1960 The Making of the President Sample Turn

By: Dennis B. B. Taylor

1960: The Journey to the Presidency

Wow! Can you believe it? The year is 1960, and I’m about to embark on a historical journey – the race to become the President of the United States. This is no ordinary year, my friend. It’s election time, and the stakes have never been higher. Join me as we delve into the fascinating world of the 1960 presidential campaign!

Picture this: the year is 1960, and the race for the White House is on. The candidates for the presidency, John F. Kennedy and Richard Nixon, are locked in a fierce battle, each vying for the chance to lead the nation. This is not just any election; it’s a moment that will shape the future of America.

But what makes this election so special? Well, my friend, it’s all about the candidates. Both Kennedy and Nixon are formidable opponents, each with their own unique set of qualities. Kennedy, a young and charismatic senator from Massachusetts, represents a new generation of leaders. Nixon, on the other hand, is a seasoned politician, vice president under the popular Dwight D. Eisenhower.

The campaign is in full swing, and the candidates are crisscrossing the country, shaking hands, kissing babies, and doing whatever it takes to win over the hearts and minds of the American people. It’s a whirlwind of speeches, debates, and photo ops, all leading up to the big day, Election Day.

As the candidates crisscross the country, they address the most pressing issues of the time. They talk about the economy, foreign policy, civil rights, and everything in between. Each candidate has their own vision for America, and they’re not afraid to make their voices heard.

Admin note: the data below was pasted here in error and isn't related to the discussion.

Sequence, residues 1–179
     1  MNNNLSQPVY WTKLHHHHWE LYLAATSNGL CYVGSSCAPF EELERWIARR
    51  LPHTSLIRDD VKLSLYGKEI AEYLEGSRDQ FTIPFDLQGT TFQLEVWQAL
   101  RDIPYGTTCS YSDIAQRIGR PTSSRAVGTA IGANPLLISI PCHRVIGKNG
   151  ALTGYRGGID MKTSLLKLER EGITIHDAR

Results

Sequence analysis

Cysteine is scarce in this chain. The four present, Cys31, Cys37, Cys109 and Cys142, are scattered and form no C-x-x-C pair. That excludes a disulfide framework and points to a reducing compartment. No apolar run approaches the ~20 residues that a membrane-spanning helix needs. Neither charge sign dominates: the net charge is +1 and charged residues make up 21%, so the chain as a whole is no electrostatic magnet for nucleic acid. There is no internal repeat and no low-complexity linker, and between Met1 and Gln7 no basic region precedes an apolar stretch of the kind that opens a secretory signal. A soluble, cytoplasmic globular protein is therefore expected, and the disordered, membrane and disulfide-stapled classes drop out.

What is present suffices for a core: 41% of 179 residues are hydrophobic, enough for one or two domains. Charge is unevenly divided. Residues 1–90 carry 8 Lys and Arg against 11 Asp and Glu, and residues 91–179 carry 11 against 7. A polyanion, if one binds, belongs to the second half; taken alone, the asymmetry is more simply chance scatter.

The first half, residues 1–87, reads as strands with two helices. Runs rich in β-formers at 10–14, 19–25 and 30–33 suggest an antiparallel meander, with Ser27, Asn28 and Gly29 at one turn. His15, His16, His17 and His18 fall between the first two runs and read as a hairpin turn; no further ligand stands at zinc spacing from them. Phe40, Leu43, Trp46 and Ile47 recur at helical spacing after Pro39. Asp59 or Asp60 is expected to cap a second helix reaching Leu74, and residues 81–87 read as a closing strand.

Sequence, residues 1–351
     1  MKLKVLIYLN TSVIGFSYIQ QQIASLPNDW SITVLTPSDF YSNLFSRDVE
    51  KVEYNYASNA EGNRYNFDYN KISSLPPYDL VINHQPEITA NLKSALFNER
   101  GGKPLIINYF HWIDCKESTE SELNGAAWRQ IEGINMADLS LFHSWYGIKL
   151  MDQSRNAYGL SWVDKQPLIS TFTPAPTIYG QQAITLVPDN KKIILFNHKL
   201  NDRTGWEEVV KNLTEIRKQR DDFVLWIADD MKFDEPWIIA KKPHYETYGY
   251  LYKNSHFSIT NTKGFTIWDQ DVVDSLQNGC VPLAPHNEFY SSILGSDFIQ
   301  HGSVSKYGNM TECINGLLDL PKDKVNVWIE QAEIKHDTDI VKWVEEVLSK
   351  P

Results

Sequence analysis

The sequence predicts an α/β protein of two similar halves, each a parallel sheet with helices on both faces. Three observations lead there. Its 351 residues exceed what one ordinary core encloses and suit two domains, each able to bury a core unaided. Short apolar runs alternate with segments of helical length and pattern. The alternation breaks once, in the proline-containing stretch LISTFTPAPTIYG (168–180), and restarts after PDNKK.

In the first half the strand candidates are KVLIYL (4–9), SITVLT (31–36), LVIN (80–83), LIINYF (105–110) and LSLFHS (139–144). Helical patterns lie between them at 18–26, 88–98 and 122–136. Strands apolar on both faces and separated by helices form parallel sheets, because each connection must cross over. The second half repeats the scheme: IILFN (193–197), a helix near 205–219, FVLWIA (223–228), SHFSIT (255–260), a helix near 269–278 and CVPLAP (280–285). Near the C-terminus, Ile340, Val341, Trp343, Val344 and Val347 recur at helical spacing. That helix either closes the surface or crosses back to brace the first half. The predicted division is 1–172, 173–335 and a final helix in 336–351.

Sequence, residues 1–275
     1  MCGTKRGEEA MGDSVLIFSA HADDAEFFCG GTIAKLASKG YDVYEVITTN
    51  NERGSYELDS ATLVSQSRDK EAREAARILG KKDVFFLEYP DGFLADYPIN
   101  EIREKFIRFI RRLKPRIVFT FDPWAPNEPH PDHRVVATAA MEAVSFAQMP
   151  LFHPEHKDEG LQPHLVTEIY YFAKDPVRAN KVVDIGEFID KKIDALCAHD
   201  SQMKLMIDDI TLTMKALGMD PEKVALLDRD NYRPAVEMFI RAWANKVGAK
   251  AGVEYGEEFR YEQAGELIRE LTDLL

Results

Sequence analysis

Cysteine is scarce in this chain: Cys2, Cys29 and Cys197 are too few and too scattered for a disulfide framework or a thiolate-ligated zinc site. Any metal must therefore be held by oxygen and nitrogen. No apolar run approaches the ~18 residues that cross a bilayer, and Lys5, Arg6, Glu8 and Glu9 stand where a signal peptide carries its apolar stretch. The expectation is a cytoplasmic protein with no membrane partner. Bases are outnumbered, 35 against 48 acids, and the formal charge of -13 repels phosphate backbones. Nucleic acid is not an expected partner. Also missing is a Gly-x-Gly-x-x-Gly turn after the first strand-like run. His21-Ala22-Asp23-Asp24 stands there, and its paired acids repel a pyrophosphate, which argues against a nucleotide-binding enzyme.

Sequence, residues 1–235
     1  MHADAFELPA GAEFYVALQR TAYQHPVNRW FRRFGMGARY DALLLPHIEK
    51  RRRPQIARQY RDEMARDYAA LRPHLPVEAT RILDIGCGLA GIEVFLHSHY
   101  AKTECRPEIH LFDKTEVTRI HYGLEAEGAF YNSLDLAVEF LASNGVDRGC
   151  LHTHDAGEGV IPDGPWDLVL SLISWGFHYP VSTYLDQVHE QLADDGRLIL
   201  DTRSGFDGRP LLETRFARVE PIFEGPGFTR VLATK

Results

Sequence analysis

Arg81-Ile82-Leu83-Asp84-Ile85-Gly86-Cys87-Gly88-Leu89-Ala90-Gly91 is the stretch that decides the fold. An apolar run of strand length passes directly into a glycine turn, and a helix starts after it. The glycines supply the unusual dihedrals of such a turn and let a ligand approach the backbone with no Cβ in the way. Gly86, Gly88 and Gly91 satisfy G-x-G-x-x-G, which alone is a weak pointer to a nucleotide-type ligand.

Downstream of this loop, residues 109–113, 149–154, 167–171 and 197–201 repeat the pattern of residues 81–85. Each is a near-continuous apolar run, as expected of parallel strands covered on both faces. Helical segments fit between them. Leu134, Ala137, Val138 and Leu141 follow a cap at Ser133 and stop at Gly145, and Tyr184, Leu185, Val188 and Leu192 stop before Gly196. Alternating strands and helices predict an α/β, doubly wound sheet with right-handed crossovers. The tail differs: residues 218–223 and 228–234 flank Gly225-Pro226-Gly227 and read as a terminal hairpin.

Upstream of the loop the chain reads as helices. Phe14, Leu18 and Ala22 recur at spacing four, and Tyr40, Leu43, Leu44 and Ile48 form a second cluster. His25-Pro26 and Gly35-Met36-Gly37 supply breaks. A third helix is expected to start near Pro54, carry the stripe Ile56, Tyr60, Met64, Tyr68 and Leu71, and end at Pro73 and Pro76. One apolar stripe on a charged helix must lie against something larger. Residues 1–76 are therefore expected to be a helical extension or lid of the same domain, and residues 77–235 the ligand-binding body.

But it’s not just the candidates who are making waves. The media plays a pivotal role in this election. The rise of television brings the campaigns into the living rooms of Americans across the country. Never before have the voters been so intimately acquainted with their potential leaders.

With the election just around the corner, tensions are running high. The country is divided, and everyone is holding their breath, waiting to see who will emerge victorious. It’s a moment of uncertainty, but it’s also a moment of hope.

In the end, it all comes down to the voters. They hold the power to shape the future of America. They have the final say, and their decision will have far-reaching consequences. So let’s take a step back, put ourselves in their shoes, and ask ourselves, who would we choose?

The journey to the presidency is fraught with challenges, but it’s also an incredible opportunity. It’s a chance for the American people to make their voices heard, to shape the course of history. So let’s buckle up, my friend, and join me on this thrilling ride. The year is 1960, and the race to the White House is on!